School of Public Health
This group is working on several projects on Bayesian analysis of high-dimensional genomics and image data.
- One project is to develop novel Bayesian methods for set-based genome-wide association studies (GWAS). Classical GWAS tests the association between a single genetic variant and a single phenotypic trait, which is usually moderate in effect size and thus hard to detect with statistical significancy. Joint tests of association between multiple variants and phenotype is attractive in that they are able to borrow strength and thus boost powers. The researchers are developing novel Bayesian methods for set-based GWAS, which, compared to frequentist methods, have the capability of incorporating complex hierarchical structure and correlations in the multiple variants in a test. Future work will extend for rare variant tests and multi-variants and multi-trait association tests.
- A second project is to develop novel static and dynamic graphical modeling methods for functional connectivity (FC) analysis of neuroimaging data. FC analysis is important for shedding information on the coordinated activities among multiple brain regions at rest or performing a task. Graphical modeling methods, which infer sparse precision matrices of multiple random variables and corresponding network structures, have been used as important tools for joint inference of FC networks among multiple brain regions based on high-throughput neuroimaging data from event-related potentials (ERP) and functional magnetic resonance imaging (fMRI). These researchers are developing several novel methods for bi-level static and dynamic graphical modeling for multi-subject neuroimaging data analysis, which simultaneously learns the static/dynamic graphical models at both the subject and group level for a group of subjects having common clinical characteristics. Such bi-level graphical modeling has the advantage of pooling information to infer FC features characteristic to the group and borrowing strength from other subjects in subject-level FC network construction.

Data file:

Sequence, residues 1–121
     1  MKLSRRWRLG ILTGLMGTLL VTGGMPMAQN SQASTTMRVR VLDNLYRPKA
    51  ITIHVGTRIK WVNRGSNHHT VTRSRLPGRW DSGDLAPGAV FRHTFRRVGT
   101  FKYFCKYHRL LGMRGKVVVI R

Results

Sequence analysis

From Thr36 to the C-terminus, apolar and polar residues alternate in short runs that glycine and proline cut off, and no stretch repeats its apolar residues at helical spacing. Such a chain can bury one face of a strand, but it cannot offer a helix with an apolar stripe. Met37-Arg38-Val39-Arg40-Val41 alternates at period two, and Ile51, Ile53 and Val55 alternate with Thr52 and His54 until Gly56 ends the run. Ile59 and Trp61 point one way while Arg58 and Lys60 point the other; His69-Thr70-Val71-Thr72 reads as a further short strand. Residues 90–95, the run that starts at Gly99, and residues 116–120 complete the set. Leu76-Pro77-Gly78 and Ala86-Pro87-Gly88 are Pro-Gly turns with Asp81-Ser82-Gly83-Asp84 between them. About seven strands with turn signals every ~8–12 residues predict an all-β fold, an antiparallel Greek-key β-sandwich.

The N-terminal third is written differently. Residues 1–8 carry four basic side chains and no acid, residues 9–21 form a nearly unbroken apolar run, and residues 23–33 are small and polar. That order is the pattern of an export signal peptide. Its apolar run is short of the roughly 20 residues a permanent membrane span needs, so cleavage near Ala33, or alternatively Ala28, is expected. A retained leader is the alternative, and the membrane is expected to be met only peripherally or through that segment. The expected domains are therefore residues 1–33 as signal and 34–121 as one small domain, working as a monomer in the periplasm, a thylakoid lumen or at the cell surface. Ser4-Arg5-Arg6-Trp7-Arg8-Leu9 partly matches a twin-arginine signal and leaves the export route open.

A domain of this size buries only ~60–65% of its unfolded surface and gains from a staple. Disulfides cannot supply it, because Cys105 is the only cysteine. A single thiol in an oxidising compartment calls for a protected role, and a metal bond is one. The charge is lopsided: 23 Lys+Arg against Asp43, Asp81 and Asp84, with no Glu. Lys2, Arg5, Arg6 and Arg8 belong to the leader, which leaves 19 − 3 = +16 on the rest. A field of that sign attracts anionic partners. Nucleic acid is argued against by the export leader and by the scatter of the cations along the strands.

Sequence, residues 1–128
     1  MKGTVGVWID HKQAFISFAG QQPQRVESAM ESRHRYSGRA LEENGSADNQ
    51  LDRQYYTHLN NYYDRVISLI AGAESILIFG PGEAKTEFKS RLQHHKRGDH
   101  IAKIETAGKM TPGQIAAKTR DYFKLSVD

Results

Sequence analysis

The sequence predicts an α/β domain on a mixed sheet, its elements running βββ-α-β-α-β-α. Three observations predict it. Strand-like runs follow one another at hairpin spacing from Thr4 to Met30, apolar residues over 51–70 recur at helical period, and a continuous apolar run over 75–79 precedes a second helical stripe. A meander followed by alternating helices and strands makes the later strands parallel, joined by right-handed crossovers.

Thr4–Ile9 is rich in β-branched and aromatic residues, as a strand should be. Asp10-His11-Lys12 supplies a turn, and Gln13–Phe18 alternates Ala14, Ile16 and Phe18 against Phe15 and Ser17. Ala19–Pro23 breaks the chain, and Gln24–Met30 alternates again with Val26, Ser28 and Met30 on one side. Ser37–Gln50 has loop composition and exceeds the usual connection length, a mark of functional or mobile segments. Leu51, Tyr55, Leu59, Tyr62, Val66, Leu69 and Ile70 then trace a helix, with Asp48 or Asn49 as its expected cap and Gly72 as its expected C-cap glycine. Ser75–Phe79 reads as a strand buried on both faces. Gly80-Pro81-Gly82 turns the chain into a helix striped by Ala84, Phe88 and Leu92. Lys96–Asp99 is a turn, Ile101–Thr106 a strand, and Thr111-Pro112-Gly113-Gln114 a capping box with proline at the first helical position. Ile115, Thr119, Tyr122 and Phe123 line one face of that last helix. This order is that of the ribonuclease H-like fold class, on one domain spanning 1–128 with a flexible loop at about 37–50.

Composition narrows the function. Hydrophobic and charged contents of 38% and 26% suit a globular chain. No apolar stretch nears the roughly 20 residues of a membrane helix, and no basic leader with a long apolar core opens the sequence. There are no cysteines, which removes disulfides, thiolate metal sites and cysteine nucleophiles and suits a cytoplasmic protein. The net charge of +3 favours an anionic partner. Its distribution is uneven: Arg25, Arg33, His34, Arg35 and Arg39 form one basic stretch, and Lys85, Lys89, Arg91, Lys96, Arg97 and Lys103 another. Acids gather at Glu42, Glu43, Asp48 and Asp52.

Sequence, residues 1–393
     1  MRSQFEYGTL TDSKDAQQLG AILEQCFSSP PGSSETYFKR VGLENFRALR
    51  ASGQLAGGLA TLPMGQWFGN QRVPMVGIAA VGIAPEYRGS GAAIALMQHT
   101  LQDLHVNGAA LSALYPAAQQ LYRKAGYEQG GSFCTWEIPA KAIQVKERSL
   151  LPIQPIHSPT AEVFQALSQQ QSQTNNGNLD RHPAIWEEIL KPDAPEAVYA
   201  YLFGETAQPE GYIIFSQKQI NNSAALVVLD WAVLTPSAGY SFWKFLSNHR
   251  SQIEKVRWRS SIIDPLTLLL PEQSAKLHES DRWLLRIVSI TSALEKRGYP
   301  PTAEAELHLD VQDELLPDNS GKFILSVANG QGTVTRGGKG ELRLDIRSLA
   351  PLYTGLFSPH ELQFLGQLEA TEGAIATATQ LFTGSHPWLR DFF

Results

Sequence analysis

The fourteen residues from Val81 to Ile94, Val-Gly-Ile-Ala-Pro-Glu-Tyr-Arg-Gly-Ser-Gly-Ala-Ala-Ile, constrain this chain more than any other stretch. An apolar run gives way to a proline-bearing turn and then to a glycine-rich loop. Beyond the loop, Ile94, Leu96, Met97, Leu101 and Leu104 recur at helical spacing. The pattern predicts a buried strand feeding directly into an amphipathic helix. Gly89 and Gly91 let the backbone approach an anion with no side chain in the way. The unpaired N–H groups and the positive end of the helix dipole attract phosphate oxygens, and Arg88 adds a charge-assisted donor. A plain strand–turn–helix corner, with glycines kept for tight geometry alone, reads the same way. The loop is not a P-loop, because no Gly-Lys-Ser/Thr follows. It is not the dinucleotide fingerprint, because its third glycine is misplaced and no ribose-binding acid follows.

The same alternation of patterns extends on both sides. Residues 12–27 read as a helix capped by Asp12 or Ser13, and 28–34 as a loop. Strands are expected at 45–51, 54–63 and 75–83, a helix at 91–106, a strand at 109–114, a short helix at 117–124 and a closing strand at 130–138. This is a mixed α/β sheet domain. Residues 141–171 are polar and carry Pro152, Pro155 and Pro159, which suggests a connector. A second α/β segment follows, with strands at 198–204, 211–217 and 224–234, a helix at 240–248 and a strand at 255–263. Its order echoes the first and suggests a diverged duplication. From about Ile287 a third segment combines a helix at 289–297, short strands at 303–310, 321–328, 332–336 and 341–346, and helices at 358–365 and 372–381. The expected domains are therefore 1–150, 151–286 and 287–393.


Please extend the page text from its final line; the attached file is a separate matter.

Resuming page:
- A third project is to develop novel Bayesian cancer classification methods for imaging data from MRI. The researchers have developed several Bayesian cancer classification methods for voxel-wise cancer classification based on multi-parametric MRI data of prostate cancer patients. These methods account for the regional hetergeneity and spatial correlations present in the imaging data. The researchers are currently developing novel Bayesian methods for detecting lesions using MRI imaging data by modeling nonstationary spatial process.
Since these projects involve analysis and high-dimensional genomics and imaging data and thus extensive computations, MSI computing resources are essential to ensure that the group can conduct the simulations and data analyses in an efficient way. They are developing software (MATLAB or R functions) that implements their methods and that can be parallelized for computing on multiprocessor systems. Since the proposed Bayesian methods involve Markov chain Monte Carlo sampling algorithm which collects posterior samples of parameters in the models, this group is also using MSI's high-capacity storage capabilities.